How to protect myself and others?
You can employ the following measures for protecting yourself from the infection:
- Refrain from having a close interaction with people who are having a cough or fever.
- Soap or an alcohol-based hand rub/solution or and water should be primarily used for continual washing of hands.
- If you have a cough, fever and difficulty in breathing, then you need to pursue medical attention. You must inform the medical practitioner about your current itinerary (if any).
- Your nose and mouth should be covered with a flexed elbow or tissue while sneezing and coughing. The used tissue needs to be thrown immediately after use, and you must wash your hands as described above.
- You must avoid places (be it a marketplace or locality) that has reported the spread of coronavirus. In case you must visit there out of necessity, avoid direct and unprotected contact with live animals or animal contacted surfaces.
- You need to abstain from eating raw and undercooked animal-based food.
Will wearing a facemask give me protection against the infection?
The healthy individuals of the society are not recommended to wear a facemask due to its inability to shield the individual against getting an infection. However, in case of a sick (infected or isolated) individual who needs to go outside from his/her house/isolation zone, then he/she is strictly advised to wear a facemask to protect others from getting infected.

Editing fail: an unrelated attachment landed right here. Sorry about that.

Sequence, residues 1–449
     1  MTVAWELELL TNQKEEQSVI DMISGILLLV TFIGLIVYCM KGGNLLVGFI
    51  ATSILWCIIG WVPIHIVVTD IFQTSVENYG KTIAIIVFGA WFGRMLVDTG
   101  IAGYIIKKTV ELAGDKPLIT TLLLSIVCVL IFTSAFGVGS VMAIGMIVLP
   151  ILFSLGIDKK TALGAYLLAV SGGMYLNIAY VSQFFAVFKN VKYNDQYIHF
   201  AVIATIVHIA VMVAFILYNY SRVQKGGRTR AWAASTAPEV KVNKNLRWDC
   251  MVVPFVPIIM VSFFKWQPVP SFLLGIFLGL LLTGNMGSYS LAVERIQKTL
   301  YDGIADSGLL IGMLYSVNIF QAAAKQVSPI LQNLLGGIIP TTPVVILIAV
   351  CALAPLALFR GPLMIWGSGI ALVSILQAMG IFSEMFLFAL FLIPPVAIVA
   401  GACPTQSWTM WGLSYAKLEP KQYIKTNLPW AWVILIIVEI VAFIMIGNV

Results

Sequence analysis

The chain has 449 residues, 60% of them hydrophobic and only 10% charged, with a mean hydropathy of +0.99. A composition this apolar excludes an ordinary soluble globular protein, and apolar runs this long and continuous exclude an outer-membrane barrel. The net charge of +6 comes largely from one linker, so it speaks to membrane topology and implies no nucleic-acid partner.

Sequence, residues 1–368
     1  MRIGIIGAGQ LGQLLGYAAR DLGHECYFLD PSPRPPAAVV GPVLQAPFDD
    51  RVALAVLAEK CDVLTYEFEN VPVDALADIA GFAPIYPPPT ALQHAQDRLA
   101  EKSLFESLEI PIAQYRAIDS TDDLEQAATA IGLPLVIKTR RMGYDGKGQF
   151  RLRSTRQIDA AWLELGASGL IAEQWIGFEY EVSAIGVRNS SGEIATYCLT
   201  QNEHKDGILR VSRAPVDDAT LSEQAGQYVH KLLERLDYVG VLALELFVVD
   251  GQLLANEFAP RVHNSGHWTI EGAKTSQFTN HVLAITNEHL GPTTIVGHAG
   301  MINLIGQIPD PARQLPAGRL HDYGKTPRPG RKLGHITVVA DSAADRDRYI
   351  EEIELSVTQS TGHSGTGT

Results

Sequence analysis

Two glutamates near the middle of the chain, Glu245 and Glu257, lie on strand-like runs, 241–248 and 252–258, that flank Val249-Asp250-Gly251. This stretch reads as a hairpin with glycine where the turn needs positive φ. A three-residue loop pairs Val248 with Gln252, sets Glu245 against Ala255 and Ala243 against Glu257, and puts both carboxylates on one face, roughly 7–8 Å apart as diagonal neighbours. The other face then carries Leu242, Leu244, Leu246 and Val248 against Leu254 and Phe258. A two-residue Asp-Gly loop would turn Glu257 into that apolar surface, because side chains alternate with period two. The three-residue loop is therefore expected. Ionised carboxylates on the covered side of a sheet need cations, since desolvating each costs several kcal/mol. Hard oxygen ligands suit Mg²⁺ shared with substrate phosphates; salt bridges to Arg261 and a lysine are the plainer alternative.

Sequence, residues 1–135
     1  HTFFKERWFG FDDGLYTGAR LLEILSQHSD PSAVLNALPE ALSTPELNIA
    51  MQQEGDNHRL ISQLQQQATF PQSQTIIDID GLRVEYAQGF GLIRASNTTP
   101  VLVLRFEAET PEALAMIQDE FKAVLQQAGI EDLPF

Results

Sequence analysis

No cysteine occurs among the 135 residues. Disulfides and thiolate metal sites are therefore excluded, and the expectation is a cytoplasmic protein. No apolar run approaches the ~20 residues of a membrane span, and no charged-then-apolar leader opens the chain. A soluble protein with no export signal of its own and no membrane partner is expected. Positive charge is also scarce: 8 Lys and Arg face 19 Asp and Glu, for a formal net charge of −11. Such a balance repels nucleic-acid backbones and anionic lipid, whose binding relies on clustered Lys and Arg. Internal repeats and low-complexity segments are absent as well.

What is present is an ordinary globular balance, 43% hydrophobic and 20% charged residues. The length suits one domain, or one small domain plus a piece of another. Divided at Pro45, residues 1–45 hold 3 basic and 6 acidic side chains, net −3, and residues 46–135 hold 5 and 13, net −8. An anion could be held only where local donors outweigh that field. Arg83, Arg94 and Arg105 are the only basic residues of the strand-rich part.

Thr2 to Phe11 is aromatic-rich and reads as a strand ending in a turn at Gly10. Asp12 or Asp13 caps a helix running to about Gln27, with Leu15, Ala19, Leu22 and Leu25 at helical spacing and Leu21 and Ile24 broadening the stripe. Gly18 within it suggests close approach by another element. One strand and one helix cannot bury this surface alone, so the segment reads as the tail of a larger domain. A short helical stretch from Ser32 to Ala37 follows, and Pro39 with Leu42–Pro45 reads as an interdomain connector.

Is my dog/cat at risk of coronavirus infection?
There is no substantial information currently, which states that whether pets, especially cats/dogs, can be contracted with the new coronavirus.
Can antibiotics be used to treat coronavirus?
Antibiotics are effective against infections caused by bacteria, not viruses. Because coronavirus is caused by a virus, antibiotics cannot be used for its treatment.
Is there any medicine to treat the new coronavirus?
As of today, the medical authorities have not recommended any medicine to prevent or treat the infection. Fortunately, many of the symptoms associated with the infection can be treated. Hence, the treatment for the infection is mainly customized or based on the patient’s clinical condition. Supportive care has shown a high efficacy in infected people.